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I have analyzed a hibernate generated oracle database and discovered that a delete of a row from a single table will spawn the firing of 1200+ triggers in order to delete the related rows in child tables. The triggers are all auto-generated the same - an automatic delete of a child row without checking for existence first. As it is impossible to predict which child tables will actually have related rows, I think a viable solution to preventing the firing of the cascaded delete down a deeply branched completely empty limb, would be to check for the existence of a related row before attempting to delete. In other dbms', I could simply state " if exists....." before deleting. Is there a comparable way to do this in oracle?

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What do you mean by 1200+ Trigger? is there 1200 trigger objects? or there are 1200 trigger calls? –  Salamander2007 Dec 17 '08 at 2:39
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4 Answers 4

"delete of a row from a single table will spawn the firing of 1200+ triggers" Are these statement or row level triggers ? If the latter, they'll only fire if a row is deleted. Say you have a BEFORE DELETE trigger on customers to delete the customers orders, and a BEFORE DELETE trigger on orders to delete order items. If the customer has no orders, and the orders table trigger is a row level trigger, then it will not fire the delete from order items.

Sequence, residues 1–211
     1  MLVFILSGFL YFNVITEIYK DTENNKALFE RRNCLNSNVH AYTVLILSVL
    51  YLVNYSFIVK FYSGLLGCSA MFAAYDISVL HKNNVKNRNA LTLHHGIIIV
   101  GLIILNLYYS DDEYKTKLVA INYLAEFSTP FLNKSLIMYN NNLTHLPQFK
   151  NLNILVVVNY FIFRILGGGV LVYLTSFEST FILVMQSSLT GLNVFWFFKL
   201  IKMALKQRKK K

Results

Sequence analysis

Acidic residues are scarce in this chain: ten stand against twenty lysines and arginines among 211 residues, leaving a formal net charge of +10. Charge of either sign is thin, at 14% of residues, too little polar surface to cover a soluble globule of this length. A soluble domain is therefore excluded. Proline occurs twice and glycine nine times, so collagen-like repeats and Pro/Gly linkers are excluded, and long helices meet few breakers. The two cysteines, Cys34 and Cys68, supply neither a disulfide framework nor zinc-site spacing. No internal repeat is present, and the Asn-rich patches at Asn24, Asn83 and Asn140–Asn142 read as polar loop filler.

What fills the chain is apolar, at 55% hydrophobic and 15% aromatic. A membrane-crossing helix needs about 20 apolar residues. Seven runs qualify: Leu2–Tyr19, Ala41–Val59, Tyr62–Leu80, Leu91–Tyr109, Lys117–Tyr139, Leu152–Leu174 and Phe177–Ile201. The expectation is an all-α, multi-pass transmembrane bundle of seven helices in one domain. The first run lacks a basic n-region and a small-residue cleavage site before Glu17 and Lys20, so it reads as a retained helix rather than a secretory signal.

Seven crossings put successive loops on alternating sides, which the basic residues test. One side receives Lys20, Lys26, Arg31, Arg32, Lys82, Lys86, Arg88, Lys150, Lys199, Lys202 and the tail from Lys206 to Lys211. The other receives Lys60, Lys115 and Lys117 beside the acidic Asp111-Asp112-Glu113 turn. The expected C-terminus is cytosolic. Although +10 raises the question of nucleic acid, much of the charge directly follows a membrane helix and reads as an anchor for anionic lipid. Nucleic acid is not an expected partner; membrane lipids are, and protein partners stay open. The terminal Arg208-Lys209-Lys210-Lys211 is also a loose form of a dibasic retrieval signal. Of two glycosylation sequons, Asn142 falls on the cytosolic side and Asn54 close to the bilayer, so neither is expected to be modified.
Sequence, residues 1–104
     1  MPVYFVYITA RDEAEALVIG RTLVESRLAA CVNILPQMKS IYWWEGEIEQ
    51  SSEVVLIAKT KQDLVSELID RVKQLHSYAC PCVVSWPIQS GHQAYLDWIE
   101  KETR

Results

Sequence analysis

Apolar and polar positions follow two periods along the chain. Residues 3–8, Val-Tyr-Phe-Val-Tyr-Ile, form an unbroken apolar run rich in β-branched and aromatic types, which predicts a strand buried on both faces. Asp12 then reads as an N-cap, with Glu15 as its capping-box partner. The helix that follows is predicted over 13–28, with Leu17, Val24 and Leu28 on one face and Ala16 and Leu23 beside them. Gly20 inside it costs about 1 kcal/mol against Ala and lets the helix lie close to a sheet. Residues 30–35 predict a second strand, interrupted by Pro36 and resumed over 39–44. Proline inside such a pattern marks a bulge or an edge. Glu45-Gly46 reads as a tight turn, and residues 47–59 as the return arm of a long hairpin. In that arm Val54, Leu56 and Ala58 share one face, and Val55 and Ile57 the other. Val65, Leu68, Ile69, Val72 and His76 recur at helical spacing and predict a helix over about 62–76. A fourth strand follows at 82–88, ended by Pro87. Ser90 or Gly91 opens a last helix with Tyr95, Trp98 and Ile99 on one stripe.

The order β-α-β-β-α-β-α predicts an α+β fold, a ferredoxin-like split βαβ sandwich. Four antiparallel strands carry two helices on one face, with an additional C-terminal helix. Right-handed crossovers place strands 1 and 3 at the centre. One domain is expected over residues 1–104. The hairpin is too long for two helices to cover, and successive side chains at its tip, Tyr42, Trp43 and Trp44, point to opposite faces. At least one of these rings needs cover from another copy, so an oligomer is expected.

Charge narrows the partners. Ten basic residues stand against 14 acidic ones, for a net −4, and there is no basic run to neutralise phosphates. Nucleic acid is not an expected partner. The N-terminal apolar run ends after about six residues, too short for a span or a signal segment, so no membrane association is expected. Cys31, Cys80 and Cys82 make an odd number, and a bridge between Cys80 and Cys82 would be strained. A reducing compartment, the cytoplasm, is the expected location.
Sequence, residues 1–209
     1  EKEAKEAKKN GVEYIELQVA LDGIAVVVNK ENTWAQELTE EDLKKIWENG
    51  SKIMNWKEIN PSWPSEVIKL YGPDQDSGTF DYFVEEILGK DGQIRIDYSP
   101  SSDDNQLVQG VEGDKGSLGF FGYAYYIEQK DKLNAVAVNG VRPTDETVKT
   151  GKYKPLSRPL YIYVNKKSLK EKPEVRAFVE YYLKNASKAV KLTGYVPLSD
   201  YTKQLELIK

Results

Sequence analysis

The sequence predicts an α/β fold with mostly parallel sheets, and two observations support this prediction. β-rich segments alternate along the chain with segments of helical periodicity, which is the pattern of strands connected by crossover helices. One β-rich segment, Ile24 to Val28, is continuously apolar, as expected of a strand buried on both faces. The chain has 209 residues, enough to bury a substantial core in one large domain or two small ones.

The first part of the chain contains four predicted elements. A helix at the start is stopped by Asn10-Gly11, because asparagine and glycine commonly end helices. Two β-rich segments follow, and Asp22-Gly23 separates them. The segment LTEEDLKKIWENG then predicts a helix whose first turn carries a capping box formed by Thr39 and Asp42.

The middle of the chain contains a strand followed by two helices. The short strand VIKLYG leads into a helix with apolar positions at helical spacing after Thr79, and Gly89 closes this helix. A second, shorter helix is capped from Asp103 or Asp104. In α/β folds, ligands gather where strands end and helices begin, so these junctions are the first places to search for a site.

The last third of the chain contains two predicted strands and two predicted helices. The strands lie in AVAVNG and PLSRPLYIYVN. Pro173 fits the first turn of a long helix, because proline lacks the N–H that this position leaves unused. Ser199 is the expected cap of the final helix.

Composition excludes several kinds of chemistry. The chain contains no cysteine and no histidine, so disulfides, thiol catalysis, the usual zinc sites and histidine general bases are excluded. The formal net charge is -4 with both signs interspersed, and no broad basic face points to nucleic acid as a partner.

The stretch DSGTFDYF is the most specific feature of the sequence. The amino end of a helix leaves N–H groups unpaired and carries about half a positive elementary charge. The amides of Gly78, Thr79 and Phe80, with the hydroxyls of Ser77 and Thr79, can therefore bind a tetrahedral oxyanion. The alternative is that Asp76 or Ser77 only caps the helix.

"check for the existence of a related row before attempting to delete" Probably no benefit. In fact it would do more work having a SELECT followed by a DELETE.

Of course the Hibernate logic is broken. The deleting session will only see (and try to delete) committed transactions. If FRED has inserted an order for the customer, but it is not committed, JOHN's delete (through the trigger) won't see it or try to delete it. It will however still 'succeed' and try to delete the parent customer. If you have actually got your foreign key constraints enabled in the database, Oracle will kick in. It will wait until FRED commits, then reject the delete as it has a child. If the foreign key constraints aren't in place, you have an order for a non-existent customer. This is why you should have this sort of business logic enforced in the database.

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If possible, modify and setup your DB tables appropriately. - Involve a DBA if you have one at your disposal.

You need to use Foreign Key constraints and cascade deletes. This eliminates the need for triggers, etc...

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You can query the special dba_objects table: 

DECLARE 
X    NUMBER;
BEGIN
    SELECT COUNT(*) INTO X FROM DBA_OBJECTS WHERE OBJECT_TYPE = 'TRIGGER' AND OBJECT_NAME = 'YOUR_TRIGGER_NAME_HERE';
    IF X = 0 THEN
        --Trigger doesn't exist, OK to delete...
    END IF;
END;
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Sorry. Apparently I wasn't clear. I do not wish to check for the existence of the trigger itself. I wish to check for existence of data in the child table being deleted by the trigger from the parent. –  Anonymous Dec 17 '08 at 2:14
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select * from Tab where Tname = "TABLENAME"

If this query returns any row then the table exists otherwise it doesn't.

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